McDonald’s Earnings Leave Investors Hungry

McDonald’s (NYSE: MCD) hasn’t satisfied its investors’ hunger for returns in several years.McDonald's-earnings The stock has been a notable underperformer since the Great Recession ended, as the company has faced a number of operating challenges across its markets.

In the U.S., the steady economic recovery has eluded McDonald’s core low-income customers, many of whom are still pinching their pennies.

When it comes to the international markets, the company is still getting hit by a public relations nightmare from various supply chain issues in China and Japan. Management made aggressive expansion into new markets a key priority, but all that spending is looking like a waste, as international sales are still falling.

And yet, the stock popped nearly 5% in early trading Wednesday after McDonald’s earnings for the first quarter were released before the opening bell.

To be blunt, the results were bad. Global comparable sales, which measures sales at locations open at least one year, fell 2.3% last quarter. This was due to falling guest traffic across geographic segments. Comparable sales fell 2.6% in the U.S., 0.6% in Europe and 8.3% in the APMEA (Asia-Pacific, Middle East and Africa) region.

Total revenue dropped 11%, although to be fair, much of this was due to unfavorable currency movements. The strengthening U.S. dollar has taken a big bite out of sales for multinational corporations like McDonald’s. Excluding currency effects, total sales declined a more modest 1%.

One positive note is that the company continues to generate cash. McDonald’s is having a very hard time growing, but its existing operations remain highly profitable. This is thanks to its unparalleled scale and its world-class brand.

McDonald’s generated $1.3 billion in operating profit last quarter. One of the best reasons for continuing to invest in the stock right now is that it’s still profitable, and it uses its profits to pay a hefty dividend and buy back its stock each quarter.

In fact, the company returned $1.4 billion to investors through dividends and share repurchases in the first quarter. The stock’s 3.5% dividend yield is still attractive, and it remains one of the highest yields in the Dow Jones Industrial Average.

But more fundamentally, McDonald’s is facing severe structural headwinds. Consumers simply aren’t as blind to nutrition as they used to be. This is particularly true when it comes to younger consumers, many of whom are opting for Chipotle Mexican Grill (NYSE: CMG) and other fast-casual restaurants with fresher ingredients and healthier eating options.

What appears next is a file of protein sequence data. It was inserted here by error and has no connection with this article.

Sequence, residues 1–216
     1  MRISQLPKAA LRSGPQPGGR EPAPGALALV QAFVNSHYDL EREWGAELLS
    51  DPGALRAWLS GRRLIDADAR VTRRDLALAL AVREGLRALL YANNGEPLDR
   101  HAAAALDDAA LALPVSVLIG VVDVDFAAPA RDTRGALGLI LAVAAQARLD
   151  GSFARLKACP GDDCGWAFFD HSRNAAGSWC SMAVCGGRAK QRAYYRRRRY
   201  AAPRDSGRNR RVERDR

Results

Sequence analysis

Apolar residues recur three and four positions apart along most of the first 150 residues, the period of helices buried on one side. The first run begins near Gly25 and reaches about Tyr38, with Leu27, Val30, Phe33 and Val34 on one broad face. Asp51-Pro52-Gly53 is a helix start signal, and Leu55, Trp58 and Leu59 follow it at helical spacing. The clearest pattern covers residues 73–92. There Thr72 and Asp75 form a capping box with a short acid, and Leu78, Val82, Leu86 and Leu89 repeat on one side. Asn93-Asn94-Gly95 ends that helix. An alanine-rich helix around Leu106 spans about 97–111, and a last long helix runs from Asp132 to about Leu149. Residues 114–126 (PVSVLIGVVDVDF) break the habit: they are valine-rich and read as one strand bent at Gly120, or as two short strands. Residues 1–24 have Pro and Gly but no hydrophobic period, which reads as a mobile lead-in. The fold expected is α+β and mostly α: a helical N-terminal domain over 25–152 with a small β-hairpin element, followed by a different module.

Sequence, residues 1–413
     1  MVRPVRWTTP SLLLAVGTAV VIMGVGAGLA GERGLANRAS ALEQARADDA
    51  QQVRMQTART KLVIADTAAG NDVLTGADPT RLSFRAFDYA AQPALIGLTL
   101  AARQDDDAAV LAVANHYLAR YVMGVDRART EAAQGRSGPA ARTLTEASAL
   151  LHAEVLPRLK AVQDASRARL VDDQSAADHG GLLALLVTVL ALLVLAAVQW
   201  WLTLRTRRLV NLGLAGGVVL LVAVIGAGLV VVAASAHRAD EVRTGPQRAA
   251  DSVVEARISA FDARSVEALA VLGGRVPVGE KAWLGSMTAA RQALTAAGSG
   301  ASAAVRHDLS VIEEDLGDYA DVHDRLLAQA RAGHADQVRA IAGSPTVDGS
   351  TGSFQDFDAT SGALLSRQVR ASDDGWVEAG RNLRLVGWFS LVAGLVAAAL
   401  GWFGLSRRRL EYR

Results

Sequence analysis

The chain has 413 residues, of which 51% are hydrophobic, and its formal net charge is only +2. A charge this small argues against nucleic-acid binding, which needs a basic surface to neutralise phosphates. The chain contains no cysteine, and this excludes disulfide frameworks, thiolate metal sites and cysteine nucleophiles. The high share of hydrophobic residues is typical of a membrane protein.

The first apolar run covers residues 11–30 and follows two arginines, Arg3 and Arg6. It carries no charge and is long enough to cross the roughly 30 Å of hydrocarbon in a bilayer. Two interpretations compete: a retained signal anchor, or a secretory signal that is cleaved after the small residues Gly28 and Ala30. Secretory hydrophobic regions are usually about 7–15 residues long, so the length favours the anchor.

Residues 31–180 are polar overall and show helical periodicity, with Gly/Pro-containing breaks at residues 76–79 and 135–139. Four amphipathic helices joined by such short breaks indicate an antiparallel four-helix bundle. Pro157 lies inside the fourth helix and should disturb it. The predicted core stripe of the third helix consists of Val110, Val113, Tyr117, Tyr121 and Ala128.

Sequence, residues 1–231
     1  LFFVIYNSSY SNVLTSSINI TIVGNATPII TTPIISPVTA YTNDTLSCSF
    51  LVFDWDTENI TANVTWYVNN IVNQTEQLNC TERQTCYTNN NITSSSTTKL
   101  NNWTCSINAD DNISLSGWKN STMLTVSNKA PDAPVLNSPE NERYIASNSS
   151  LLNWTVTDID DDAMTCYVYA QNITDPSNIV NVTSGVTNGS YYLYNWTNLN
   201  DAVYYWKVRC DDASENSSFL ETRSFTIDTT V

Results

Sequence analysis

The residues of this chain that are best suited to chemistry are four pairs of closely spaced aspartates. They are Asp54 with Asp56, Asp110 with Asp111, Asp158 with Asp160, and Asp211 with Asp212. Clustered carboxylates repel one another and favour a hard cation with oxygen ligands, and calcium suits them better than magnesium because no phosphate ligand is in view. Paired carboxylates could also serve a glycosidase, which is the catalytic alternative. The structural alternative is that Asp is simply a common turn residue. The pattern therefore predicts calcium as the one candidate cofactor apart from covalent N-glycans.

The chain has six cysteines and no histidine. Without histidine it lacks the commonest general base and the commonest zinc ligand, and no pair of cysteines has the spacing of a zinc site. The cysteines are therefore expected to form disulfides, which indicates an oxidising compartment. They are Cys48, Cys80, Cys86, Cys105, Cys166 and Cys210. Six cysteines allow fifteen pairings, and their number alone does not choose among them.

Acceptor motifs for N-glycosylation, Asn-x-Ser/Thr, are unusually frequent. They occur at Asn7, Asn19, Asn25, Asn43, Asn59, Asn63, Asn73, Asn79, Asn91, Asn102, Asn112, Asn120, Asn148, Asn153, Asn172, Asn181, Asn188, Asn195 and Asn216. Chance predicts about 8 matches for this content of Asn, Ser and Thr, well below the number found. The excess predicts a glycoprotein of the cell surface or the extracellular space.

In a way, McDonald’s is caught between a rock and a hard place. It built its reputation on being an affordable, low-price fast food restaurant. In order to improve its image for food quality and nutrition, it would have to use better ingredients, and that would almost certainly result in higher prices. But McDonald’s can’t really do that, because its core customer is highly price sensitive, and firmly on the lower-income side of the scale. It seems that the very thing the company needs to do to improve will alienate its core customer base.

Under normal circumstances, international expansion would be the answer. And to a large extent, McDonald’s has tried to take its business model overseas. It now operates more than 10,000 locations in the APMEA segment, which includes many emerging markets like China.

Unfortunately, McDonald’s is suffering a public relations crisis abroad. Specifically, its performance in Asia has been an unmitigated disaster.

First, a key supplier in China was found to be repackaging expired meat with new expiration dates last year. A worker was also caught reusing food that had fallen on the floor.

Then, several media outlets, including Reuters, reported that McDonald’s Japan issued an apology after customers found a tooth and plastic in their food. This caused the company to lose significant sales. Even worse, its public image suffered greatly, and has not recovered.

The key takeaway for investors is not to get too excited by the McDonald’s rally after earnings. The stock gain is nice, but the underlying fundamentals remain poor.

McDonald’s new CEO is set to update investors on the company’s turnaround plans on May 4. This will be a critical test as to whether McDonald’s strategy will continue to leave investors hungry.

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Published by Wyatt Investment Research at